There are few people who should build their own CDN, contends Steve Miller-Jones from Limelight Networks. If you want to send a parcel, you use a parcel delivery service. So if you want to stream video, use a content delivery network tuned for video. This video looks at the benefits of using CDNs.
John Porterfield welcomes Steve to YouTube channel JP’sChalkTalks and starting with a basic outline of CDNs. Steve explains that the aim of the CDN is to re-deliver the same content as many times as possible by itself without having to go back to a central store, or even back to the publisher to get the video chunk that’s been requested. If your player is a few seconds behind someone else’s who lives in the same geography, then the CDN should be able to deliver you those same chunks almost instantly from somewhere geographically close to you.
Steve explains that in the Limelight State of Online Video 2020 Annual Report rebuffering remains the main frustration with streaming services and, remaining at approx 44% for the last 3 years when taken as a global average. Contrary to popular belief, the older generation is more tolerant of rebuffering than younger viewers.
As well as maintaining a steady feed, low-latency is remaining important. Limelight is able to deliver CMAF down to around a 3-second latency or WebRTC with sub-second latency. To go along with this sub-second video streaming, Limelight also offer sub-second data sharing between players which Steve explains is a important feature allowing services to develop interactivity, quizzes, community engagement and many other business cases.
Lastly Steve outlines the importance of Edge computing as a future growth area for CDNs. The first iteration of cloud computing was a success by taking computing into central locations and away from individual businesses. This worked well for many for financial reasons, because it freed organisations up from managing some aspects of their own infrastructure and enabled scaling of services. However, the logic of what happened next was always done in this one central place. If you’re in Australia and the cloud location is in the EU, then that’s a long wait until you get the result of the decision that needs to be made. Edge computing allows small parts of logic to live in the closest part of a CDN to you. This could well mean that the majority of a service’s infrastructure is in the US, but some of the CDN be it CloudFront, Limelight or another will be in Australia itself meaning pushing as much of your services as you can to the edge will result in significant improvements in speed/latency reduction.
There are two main modern approaches to low-latency live streaming, one is CMAF which used fragmented MP4s to allow frame by frame delivery of chunks of data. Similar to HLS, this is becoming a common ‘next step’ for companies already using HLS. Keeping the chunk size down reduces latency, but it remains doubtful if sub-second streaming is practical in real world situations.
Steve Miller Jones from Limelight explains the WebRTC solution to this problem. Being a protocol which is streamed from the source to the destination, this is capable of sub-second latency, too, and seems a better fit. Limelight differentiate themselves on offering a scalable WebRTC streaming service with Adaptive Bitrate (ABR). ABR is traditionally not available with WebRTC and Steve Miller Jones uses this as an example of where Limelight is helping this technology achieve its true potential.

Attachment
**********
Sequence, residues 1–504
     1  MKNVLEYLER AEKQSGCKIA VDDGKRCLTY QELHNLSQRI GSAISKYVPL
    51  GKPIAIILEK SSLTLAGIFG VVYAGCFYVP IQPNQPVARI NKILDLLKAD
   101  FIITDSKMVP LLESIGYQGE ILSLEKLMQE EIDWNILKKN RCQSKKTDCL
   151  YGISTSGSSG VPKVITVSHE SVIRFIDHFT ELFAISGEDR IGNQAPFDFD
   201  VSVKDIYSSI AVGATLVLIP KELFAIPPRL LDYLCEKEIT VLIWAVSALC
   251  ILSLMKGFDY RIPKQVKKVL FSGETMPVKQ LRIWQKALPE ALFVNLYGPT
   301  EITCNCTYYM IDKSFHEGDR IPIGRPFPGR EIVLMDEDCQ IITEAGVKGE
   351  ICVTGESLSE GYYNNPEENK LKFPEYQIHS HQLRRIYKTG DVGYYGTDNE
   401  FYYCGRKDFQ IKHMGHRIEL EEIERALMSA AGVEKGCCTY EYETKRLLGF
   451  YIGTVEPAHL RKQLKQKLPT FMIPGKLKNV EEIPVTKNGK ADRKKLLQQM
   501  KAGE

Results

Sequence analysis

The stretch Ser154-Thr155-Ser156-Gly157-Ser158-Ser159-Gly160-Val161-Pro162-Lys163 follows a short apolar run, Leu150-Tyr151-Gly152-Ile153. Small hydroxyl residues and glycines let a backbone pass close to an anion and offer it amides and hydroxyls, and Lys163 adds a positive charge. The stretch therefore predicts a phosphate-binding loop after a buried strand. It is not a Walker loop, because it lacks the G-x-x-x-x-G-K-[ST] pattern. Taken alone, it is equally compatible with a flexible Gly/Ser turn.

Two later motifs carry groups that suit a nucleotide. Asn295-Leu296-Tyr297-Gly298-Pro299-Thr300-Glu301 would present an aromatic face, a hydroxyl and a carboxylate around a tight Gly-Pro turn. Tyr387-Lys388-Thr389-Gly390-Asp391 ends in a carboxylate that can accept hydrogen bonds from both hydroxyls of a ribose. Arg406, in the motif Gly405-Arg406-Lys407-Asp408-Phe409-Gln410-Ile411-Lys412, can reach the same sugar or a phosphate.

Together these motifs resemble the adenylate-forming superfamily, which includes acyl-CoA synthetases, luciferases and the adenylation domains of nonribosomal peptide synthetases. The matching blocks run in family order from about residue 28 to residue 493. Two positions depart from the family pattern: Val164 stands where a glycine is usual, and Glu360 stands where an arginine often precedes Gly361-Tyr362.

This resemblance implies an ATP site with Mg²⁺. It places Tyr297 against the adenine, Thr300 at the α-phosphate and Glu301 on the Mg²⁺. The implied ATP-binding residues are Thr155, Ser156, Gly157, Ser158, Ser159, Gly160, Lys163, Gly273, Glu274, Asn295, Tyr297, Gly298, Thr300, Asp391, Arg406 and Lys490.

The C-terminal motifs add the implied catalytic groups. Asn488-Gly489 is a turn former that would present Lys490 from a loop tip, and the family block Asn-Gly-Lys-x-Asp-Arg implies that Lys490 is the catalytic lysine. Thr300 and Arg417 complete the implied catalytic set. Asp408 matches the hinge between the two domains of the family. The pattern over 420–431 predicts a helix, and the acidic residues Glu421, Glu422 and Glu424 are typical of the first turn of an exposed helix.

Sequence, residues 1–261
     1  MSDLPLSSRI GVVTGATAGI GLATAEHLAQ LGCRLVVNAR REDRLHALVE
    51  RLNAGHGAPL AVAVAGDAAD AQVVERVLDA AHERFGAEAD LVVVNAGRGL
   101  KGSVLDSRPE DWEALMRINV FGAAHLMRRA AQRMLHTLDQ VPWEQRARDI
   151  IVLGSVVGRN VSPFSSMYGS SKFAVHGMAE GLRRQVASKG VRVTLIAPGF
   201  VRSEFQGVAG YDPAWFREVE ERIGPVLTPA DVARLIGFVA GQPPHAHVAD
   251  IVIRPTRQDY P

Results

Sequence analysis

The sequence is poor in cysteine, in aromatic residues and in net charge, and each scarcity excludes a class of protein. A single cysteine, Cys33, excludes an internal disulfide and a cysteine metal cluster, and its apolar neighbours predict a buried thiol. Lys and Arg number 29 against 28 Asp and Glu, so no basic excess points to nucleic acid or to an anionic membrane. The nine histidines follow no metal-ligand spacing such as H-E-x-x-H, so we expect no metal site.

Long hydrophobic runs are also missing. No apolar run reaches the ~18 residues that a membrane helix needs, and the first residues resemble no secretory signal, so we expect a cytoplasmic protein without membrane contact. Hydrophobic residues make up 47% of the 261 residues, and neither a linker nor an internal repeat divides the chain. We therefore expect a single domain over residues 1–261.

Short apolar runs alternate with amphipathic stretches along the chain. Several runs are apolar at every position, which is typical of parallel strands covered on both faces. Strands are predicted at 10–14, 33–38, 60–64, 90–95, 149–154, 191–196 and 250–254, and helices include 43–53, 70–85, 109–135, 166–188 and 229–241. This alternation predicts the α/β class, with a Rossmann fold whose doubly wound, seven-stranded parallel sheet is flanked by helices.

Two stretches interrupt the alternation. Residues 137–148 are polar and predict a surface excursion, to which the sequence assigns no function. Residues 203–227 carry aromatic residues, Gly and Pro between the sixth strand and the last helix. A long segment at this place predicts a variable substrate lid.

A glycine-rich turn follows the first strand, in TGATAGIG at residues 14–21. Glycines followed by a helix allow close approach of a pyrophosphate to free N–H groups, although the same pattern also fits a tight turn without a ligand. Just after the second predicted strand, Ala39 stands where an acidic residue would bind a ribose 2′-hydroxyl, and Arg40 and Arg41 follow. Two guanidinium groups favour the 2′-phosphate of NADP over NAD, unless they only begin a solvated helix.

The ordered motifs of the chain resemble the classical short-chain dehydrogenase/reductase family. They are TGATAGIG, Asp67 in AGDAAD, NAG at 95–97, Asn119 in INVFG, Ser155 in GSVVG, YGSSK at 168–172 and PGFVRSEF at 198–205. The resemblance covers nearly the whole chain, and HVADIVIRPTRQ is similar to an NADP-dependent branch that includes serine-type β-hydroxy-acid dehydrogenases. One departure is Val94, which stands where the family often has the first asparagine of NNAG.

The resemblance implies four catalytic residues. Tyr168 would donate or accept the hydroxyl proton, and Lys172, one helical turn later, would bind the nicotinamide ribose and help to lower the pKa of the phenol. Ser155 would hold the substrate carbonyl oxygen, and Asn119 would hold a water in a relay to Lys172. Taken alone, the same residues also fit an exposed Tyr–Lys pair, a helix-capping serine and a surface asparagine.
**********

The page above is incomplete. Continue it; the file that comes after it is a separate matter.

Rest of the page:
Comparing and contrasting Limelight’s solution with HLS and CMAF, we can see the benefit of WebRTC and that it’s equally capable of supporting features like encryption, Geoblocking and the like.
Ultimately, the importance of latency and the scalability you require may be the biggest factor in deciding which way to go with your sub-second live streaming.
Date: Tuesday Jan 29th, 2018 11am PT / 2pm ET / 19:00 GMT
In this webinar Limelight discuss some of the challenges with delivering low latency video and take a deeper dive to look at what causes latency, the WebRTC protocol and how Limelight Networks delivers real-time streaming at global scale.
Topics that will be discussed during this webinar include:
Challenges delivering low-latency video
Various approaches for reducing latency (small chunk HLS, peer-to-peer, WebRTC)
Encoding and codecs
Stream access and security
How to implement interactivity into live streaming video
Technical Product Marketing Manager
Webinar: Thursday, December 7 – 11:00am PT / 2:00pm ET / 19:00 GMT
Keith Weinberger from Limelight with colleague Charles Kraus discuss latency. As viewers spend more time online watching live and on-demand video content, broadcasters and content distributors are under increasing pressure to deliver an exceptional low-latency live video streaming and on-demand experience, on any device.
Join the video delivery experts from Limelight Networks when they share strategies for implementing a cost-effective solution at global scale, without sacrificing the quality your audiences expect. They will also discuss how to:
Deliver live video at 3 to 5 second latencies through HLS and DASH chunked streaming techniques or sub-second latencies through emerging WebRTC technology
Reach the widest possible audience with multi-device streaming
Optimize all points in your video workflow to ensure broadcast-quality experiences
REGISTER NOW for Overcoming the Latency Hurdle in Delivering Streaming Video.
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